Author: Helen Rawsthorne Ph.D., Senior Science Manager, Albumedix
The current global pandemic has shined a light on the importance of diagnostic testing, especially for COVID-19. As the coronavirus continues to sweep across the globe, it has never been more vital to focus efforts on identifying those infected with the disease to delay and halt the spread of infection. A coordinated effort is needed to accelerate research and, whilst vaccine roll-out is still only in the early stages, the world is more cognizant of how reliable diagnostic testing is a valuable tool to save lives.
With the number of new diagnostic tests being developed being at an all-time high and commercial successes making global headline news, the industry is seeing great progress. But this promising growth comes with underlying challenges. The most well documented of these is reducing costs while maximizing productivity, however one area that is becoming increasingly important, especially with regards to COVID-19 testing is reliability, faster testing and speed of results.
Many well-established diagnostic tests for COVID-19 are available1. These include, 1) reverse transcription polymerase chain reaction (RT-PCR) – the current standard test, 2) loop-mediated isothermal amplification (LAMP) – a simple, but less developed test, 3) lateral flow – hand-held single-use assays providing results in as short as 15 minutes, and 4) enzyme-linked immunosorbent assay (ELISA) – technically simple assays that are easily read and offer relatively high throughput. More tests gain emergency approval each day and new techniques continue to make their way through the development pipeline, fueled by huge leaps in medical understanding, increasing government expenditures, and the rising number of COVID-19 cases.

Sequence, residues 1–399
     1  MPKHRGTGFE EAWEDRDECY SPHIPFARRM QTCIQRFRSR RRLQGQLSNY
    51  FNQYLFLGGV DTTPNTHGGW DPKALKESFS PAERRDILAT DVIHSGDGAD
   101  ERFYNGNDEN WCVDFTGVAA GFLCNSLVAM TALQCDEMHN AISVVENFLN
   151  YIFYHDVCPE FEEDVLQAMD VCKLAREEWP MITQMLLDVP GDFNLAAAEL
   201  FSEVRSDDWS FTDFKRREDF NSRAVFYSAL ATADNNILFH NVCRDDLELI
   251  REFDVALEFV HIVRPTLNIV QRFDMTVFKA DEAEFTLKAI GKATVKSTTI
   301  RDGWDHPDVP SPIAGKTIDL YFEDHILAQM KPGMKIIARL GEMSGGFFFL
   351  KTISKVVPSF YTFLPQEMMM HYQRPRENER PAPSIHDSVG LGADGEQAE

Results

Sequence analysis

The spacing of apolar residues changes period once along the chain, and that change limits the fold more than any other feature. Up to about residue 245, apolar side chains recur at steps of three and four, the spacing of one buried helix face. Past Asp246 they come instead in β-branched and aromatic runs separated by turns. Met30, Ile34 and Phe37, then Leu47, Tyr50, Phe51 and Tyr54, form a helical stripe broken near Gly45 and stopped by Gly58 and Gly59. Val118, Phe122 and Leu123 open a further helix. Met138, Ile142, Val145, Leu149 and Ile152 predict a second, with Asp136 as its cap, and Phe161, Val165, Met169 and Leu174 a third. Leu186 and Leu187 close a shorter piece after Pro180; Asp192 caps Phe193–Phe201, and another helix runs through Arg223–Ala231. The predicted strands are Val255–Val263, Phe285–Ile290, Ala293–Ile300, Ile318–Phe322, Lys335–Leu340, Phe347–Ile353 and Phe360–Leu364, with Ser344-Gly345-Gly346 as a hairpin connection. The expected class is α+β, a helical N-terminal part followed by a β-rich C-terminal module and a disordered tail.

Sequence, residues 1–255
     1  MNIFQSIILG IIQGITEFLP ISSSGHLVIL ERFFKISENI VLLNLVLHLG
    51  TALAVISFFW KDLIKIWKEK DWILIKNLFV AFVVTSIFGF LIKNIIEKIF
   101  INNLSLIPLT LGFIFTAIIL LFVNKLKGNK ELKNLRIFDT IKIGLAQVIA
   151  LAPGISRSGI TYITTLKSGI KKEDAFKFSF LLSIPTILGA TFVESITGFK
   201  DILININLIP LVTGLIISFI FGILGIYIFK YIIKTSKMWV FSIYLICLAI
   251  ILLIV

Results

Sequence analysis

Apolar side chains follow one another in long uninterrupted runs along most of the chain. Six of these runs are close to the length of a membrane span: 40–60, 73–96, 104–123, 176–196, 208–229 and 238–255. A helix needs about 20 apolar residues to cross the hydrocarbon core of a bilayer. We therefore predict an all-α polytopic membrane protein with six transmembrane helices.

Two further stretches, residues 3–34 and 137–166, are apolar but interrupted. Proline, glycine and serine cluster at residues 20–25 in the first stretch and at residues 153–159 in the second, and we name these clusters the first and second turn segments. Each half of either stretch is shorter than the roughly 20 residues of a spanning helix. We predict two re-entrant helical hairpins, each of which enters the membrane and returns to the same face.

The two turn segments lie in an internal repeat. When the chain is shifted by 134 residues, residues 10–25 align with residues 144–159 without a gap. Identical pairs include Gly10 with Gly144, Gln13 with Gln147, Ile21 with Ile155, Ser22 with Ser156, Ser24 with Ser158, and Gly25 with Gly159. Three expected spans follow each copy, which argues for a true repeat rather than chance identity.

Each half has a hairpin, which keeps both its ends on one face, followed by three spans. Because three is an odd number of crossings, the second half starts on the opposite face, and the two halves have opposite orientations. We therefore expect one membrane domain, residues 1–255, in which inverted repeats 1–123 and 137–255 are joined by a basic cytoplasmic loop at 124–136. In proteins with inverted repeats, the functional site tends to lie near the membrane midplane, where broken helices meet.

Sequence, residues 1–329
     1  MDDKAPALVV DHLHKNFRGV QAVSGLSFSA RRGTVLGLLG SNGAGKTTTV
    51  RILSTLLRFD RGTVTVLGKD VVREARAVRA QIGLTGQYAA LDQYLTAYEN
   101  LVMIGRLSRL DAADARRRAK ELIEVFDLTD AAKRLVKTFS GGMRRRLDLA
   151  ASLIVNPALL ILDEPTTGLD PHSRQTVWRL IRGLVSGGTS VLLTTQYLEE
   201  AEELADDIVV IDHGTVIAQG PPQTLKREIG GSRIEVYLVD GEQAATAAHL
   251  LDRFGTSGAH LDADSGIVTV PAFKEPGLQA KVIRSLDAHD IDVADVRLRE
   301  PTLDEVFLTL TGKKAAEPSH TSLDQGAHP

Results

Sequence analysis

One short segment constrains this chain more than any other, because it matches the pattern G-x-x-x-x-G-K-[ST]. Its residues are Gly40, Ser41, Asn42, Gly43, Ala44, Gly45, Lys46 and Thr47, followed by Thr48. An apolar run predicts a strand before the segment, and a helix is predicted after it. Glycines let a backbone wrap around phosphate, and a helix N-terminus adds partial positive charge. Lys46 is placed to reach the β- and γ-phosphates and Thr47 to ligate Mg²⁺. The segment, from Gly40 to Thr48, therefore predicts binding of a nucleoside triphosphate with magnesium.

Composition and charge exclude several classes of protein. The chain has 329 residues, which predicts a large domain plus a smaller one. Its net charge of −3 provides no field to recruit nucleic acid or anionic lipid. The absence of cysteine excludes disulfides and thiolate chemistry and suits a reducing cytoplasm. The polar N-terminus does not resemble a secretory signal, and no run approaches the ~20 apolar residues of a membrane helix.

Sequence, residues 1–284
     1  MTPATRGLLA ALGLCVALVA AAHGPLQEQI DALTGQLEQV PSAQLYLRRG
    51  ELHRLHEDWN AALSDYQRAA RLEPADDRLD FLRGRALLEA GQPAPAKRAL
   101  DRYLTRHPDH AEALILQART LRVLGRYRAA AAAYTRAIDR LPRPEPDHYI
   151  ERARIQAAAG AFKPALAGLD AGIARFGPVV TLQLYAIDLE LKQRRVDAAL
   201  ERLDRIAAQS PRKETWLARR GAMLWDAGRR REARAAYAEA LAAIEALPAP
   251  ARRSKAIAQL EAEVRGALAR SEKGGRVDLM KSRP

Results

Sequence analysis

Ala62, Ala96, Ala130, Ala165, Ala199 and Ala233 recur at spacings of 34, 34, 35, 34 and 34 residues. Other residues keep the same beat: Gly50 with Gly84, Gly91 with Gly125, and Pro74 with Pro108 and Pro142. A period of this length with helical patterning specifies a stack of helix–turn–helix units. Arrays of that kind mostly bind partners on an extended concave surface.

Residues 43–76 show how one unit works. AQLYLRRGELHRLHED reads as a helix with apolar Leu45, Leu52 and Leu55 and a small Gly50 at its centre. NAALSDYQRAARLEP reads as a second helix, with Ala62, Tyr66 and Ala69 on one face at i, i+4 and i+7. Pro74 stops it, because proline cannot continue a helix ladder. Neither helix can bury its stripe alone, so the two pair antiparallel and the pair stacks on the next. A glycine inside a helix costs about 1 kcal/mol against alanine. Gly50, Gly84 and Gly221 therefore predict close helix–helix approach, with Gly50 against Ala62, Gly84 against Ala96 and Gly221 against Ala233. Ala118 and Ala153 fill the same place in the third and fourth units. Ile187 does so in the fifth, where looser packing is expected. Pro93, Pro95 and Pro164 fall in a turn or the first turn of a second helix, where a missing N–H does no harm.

Many of these diagnostic tests are becoming smaller and more rapid, but can more be done to improve the accuracy, reliability and speed of the results?
Challenges in Diagnostic Tests
PCR, RT-PCR, LAMP and RT-LAMP are the most common ways of testing for pathogens.
Polymerase chain reaction (PCR) is used to "amplify" small segments of DNA. Once amplified, the DNA produced by PCR can be used in many different laboratory procedures, including the detection of viruses. Reverse transcription PCR (RT-PCR) is used when the starting material is RNA. In this method, RNA is first transcribed into complementary DNA (cDNA) by reverse transcriptase from total RNA or messenger RNA (mRNA). The cDNA is then used as the template for the PCR reaction. RT-PCR is used in a variety of applications including pathogen detection.
LAMP (Loop-mediated Isothermal Amplification) is a single tube technique for the amplification of DNA. It provides a low-cost alternative to polymerase chain reaction (PCR) technology to detect certain diseases. It involves the design of assay primers and use of a strand-displacing polymerase to allow rapid amplification at a constant temperature without the need for thermal cycling (required for PCR). A typical LAMP reaction mixture contains 6 primers which target 8 regions on the bacterial or viral genome. In RT-LAMP, RNA sequences are detected instead of DNA. Reverse transcriptase is added to the LAMP mixture, to convert the viral RNA into complementary cDNA that will be used for amplification. This procedure has provided great help in diagnosing a multitude of RNA viruses.
One crucial element of all these tests is the amplification efficiency. The full potential of diagnostic PCR is limited, in part, by the presence of inhibitors in complex biological samples that reduce the amplification efficiency.2 Inhibitors may also affect the sensitivity of the assay or even lead to false‐negative results.3
Different amplification facilitators, such as casein and formamide, can be used to enhance DNA amplification. Organic solvents, including DMSO and formamide, have often been employed as additives to increase the efficiency of amplification of high GC content (GC > 60%) DNA sequences. Bovine serum albumin (BSA) has been used as an additive in several applications, including restriction enzyme digestions as well as in PCR amplification of templates from environmental samples that contain potential inhibitors, such as phenolic compounds. It is thought that BSA binds to inhibitors thus reducing their detrimental effect on amplification.
In certain scenarios, chemical additives or co-solvents may be included in the buffer to improve amplification specificity by reducing mis-priming and to enhance amplification efficiency by removing secondary structures. PCR additives and enhancing agents have been used to increase the yield, specificity and consistency of PCR reactions. These additives may have beneficial effects on amplification, increasing DNA polymerase stability.